What is “art” really? And how can we define the term? To put it simply, “art” is a form of expression. Anyone with a background in art can tell you that, regardless of the medium or the canvas. But where do we draw the line with street art? Graffiti has been a controversial topic of discussion in the art world, with many conservative audiences arguing that it is a form of vandalism. Let’s deconstruct the legal implications of graffiti.
Let’s say someone has painted over your car or your house without your permission. You wouldn’t be very happy about that. But would you feel the same if the painting was a beautiful work of art rather than a street tag? Do we discriminate the artwork based on its style or skill level? Or do we disregard the painting altogether because it’s someone’s property?
According to Angie Kordic from Wide Walls, “the excitement of being a renegade and the fear of getting caught is what many artists consider the very core of graffiti culture, especially during the days of rough, growing competition and the willing to become as good at drawing as you possibly could. When caught in act, however, the writers get charged with vandalism, fined, and given community service hours during which they help clean up graffiti. By definition, it is “an action involving deliberate destruction of or damage to public or private property”, and while we can’t argue that graffiti (mostly tags, considered a reductive form of art within graffiti community itself) often end up on someone’s walls, we do have to wonder if it really is “destruction” and if, perhaps, we’ve been asking the wrong question the whole time.”
What do you think? Is graffiti a form of vandalism?
Aspiring content creators and video fans won’t want to miss this event.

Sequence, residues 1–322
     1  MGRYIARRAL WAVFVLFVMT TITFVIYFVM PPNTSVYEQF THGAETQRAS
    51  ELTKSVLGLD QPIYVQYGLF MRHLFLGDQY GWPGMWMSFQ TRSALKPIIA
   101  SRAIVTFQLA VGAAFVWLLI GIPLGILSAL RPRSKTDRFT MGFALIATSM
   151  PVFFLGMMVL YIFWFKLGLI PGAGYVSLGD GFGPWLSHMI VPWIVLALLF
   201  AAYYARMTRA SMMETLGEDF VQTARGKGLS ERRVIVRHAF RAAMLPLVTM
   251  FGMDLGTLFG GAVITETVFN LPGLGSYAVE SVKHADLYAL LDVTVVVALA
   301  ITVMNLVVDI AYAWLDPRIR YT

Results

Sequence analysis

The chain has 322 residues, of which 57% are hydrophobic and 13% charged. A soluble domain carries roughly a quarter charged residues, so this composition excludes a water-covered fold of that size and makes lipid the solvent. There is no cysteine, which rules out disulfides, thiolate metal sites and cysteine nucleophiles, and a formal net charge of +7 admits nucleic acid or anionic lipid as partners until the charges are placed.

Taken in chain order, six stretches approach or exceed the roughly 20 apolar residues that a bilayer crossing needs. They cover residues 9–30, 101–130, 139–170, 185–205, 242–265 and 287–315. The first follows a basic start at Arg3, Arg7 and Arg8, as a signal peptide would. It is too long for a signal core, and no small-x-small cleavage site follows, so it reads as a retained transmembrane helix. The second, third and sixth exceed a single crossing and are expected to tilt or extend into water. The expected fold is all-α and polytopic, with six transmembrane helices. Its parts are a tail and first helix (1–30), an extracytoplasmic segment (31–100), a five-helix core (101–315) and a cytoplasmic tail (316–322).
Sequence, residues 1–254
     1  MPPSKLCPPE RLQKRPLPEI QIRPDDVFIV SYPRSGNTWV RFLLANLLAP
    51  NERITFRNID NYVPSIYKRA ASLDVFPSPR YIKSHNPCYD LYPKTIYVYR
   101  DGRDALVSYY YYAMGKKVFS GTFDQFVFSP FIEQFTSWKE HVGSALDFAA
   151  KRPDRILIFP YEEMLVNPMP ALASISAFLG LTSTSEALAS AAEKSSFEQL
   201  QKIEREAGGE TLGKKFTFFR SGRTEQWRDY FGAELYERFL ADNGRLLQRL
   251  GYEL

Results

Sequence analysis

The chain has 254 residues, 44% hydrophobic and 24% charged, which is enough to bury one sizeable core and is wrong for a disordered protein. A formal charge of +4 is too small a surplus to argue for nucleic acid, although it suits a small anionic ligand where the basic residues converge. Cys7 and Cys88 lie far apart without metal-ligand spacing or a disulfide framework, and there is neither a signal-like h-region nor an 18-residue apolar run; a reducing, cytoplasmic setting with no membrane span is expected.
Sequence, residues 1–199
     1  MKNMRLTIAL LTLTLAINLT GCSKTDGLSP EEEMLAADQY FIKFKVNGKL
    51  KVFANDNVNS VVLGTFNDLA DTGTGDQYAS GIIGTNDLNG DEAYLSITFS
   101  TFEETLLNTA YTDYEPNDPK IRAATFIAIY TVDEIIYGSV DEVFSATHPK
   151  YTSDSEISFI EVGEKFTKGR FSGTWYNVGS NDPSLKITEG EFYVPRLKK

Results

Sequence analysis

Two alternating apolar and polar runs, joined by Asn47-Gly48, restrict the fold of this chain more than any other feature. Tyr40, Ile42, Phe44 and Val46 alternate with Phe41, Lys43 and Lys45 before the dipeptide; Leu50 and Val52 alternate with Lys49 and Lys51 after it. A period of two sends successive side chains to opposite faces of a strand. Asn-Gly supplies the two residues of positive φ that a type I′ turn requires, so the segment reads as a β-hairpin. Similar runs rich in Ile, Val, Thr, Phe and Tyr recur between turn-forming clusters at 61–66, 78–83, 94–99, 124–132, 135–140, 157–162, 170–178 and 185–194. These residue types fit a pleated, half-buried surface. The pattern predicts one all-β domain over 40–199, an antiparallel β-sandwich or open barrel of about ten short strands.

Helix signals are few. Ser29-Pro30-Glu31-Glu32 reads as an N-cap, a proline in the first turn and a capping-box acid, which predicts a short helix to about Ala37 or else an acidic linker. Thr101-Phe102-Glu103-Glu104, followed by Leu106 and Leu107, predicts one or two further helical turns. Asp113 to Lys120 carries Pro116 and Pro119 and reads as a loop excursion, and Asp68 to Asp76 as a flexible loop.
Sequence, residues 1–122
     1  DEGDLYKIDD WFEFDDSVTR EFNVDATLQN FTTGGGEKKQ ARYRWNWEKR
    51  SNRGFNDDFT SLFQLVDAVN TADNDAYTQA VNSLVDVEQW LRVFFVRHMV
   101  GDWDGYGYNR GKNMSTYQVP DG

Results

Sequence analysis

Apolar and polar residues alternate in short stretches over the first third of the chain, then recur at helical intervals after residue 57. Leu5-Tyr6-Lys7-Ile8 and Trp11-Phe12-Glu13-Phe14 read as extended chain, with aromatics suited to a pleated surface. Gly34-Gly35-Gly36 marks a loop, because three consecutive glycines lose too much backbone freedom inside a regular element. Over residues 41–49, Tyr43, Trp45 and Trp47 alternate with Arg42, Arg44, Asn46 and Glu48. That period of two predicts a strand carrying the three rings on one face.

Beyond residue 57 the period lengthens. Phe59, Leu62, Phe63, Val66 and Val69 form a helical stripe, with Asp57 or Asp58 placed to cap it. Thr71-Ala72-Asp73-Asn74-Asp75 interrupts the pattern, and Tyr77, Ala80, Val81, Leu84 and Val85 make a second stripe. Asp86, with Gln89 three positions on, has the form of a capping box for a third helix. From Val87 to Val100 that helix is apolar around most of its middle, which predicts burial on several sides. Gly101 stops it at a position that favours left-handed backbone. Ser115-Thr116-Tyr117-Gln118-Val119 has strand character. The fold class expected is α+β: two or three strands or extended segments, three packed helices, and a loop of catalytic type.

Video Junkee 2017 is a two-day festival celebrating the Golden Age of video, featuring a series of talks, panels, screenings, masterclasses and awards that brings together international and Australian content creators.
The line-up of speakers includes Yael Stone (Orange is the New Black), Raphael Bob-Waksberg (BoJack Horseman), Ashly Perez (Buzzfeed), Marc Fennell (The Feed), and the crews of Cleverman, Skitbox and many more.
Tickets start from $19 for individual sessions and $89 for multi-pass packages. For more information, visit Video Junkee website.
July 28-29 | Carriageworks, 245 Wilson Street, Sydney
Who is an artist and when does a fabricated object become art? The 200 individuals represented in The Museum of Everything exhibition at MONA in Hobart focus our attention on these questions. On the website they are described as “untrained, unintentional, undiscovered and unclassifiable artists of modern times”. They are hermits, governesses, housewives, former miners, taxidermists and ex-soldiers, working in painting, sculpture, and an extraordinary range of other media.
While these people may “unintentionally” be making something we might want to describe as art, they are the most focused, driven and compulsive group of makers we are ever likely to encounter, and there is nothing that is unintended in the things they fabricate. Indeed they make these images and objects because they must depict in some form what is most important to them in their lives.
After an exhilarating journey through 30 rooms and many corridors of remarkable images and objects, these questions about the nature of art and the credentials of artists reach a critical mass. Finally, you arrive in a backyard courtyard, entered through a fly-wire screen door. Painted on the wall is a call-out for more people who might be included in some future exhibition. It asks, are you a self-taught or secret artist? Is your home your own personal gallery? Have you invented a private language? If so contact The Museum of Everything.
This last advertisement alerts us to the real conundrum of encountering so many unique individuals and creative practices, who likely never expected us to engage with the things they have made. If they are secret artists, who have developed a private language and wish to keep their activities to themselves, what are we doing prying into their work and their lives?
Can we even call what they make “art”, in the way we conventionally define it, if there is no intention to communicate with an audience?
Outsiders, or just artists?